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Crimson Grid Hopes Depend Largely On The Untested Defensive Secondary

By David Clarke

Last fall, the Harvard football team returned starters a five of the six offensive skill positions, but by the end of the season a potentially explosive attack had dwindled away to practically nothing.

The loss of wide receiver Jim Curry didn't help, but the key factor was that without the fine 1975-edition offensive line, which had been wiped out by graduation, quarterback Jim Kubacki was simply not the same run-pass threat he had been the year before.

In any team sport, one weak link can curtail the efforts of the other players, and Crimson coaches are hoping that this won't be the case with the current edition of the Harvard defense. Sure, Joe Restic has welcomed the Ivy League's best defensive line back into the fold along with a potent pack of linebackers, but "unless the defensive backs can handle the one-on-one coverage, we can't do what we want with these other people. We can't use the blitz; we can't put pressure on the opposition," Restic said yesterday.

And the task of patrolling the deep positions, where one mistake can mean six points in a hurry for the opposition, has fallen on a talented but very inexperienced crew.

All four of last year's starters, safety Bill Wendel, "adjuster" Lou Rice, All-Ivy team captain Bill Emper, and the late Andy Puopolo, cornerback, were seniors.

Paul Halas, an unsuccessful quarterback candidate two years ago, lettered last season as a reserve safety. This time around, he has the job to himself. He came through against Columbia, picking off two Lion passes. "He was on top of every situation," defensive backfield coach Larry Glueck said yesterday.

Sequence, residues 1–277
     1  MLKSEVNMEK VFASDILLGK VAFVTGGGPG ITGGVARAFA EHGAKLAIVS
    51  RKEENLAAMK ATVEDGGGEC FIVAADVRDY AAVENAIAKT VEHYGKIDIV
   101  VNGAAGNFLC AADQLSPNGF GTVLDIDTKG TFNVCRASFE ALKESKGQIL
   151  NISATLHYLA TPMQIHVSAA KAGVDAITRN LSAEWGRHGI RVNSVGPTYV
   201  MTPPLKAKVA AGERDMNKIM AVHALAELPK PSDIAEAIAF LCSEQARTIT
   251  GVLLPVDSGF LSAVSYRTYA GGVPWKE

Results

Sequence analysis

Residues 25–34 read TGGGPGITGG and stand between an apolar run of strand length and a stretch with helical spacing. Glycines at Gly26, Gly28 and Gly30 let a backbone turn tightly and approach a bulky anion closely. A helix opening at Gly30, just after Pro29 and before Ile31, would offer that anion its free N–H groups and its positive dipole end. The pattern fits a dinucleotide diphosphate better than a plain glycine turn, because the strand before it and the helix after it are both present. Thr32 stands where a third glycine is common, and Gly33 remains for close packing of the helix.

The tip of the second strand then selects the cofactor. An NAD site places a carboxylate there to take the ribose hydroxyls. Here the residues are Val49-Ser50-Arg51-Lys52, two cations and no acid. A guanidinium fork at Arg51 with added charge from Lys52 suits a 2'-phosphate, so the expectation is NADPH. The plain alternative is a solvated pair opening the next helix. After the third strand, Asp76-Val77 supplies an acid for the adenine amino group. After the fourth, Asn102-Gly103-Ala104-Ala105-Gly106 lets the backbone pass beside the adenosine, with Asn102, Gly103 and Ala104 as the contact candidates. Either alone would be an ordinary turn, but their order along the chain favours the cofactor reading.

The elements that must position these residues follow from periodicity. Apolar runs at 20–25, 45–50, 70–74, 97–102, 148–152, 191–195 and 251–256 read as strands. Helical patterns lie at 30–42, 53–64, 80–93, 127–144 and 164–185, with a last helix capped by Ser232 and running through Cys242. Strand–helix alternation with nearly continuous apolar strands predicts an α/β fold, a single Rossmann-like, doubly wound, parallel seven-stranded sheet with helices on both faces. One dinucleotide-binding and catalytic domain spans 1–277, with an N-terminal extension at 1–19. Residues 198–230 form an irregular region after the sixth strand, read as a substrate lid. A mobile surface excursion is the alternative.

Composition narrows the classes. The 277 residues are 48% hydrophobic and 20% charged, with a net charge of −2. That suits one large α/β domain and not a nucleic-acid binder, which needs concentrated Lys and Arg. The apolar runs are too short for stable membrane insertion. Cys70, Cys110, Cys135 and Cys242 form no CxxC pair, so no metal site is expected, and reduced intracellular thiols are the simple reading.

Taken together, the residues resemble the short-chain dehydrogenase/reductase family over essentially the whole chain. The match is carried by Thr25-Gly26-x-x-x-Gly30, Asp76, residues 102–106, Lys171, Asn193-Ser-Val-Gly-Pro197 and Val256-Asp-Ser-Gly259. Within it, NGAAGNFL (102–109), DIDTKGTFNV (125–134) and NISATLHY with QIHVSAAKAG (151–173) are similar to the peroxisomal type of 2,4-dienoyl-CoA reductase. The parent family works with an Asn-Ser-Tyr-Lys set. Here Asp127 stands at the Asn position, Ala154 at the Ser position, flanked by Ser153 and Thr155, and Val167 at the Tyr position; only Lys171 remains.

The vital adjuster spot was held down by senior John Tuke. A heavy hitter who Jettered as a speciality team player in 1976, he has had to work hard on his pass coverage to earn the starting berth.

Four different juniors shared the cornerback duties on Saturday: Steve Potysman, Fred Cordova, Dave Kinney, a converted split end, and Al Ippolito, who came out of nowhere to earn a regular spot by losing 10 pounds over the summer.

The use of four different players was partly the result of enviable depth, but both Potysman and Cordova left the game early because of injuries. Potysman might miss Saturday's contest.

The opening-day performance of these pigskin neophytes was very impressive. Ippolito added an interception to Halas' pair, and Columbia managed only one long gainer in the air.

Indeed, the only problem with the performance was that it came against a floater-throwing Lion quarterback. With any luck, Harvard would have picked off another three or four of his passes, Restic said.

The deep backs answered the first question, but it was an easy one. The test will surely get harder in the weeks to come.

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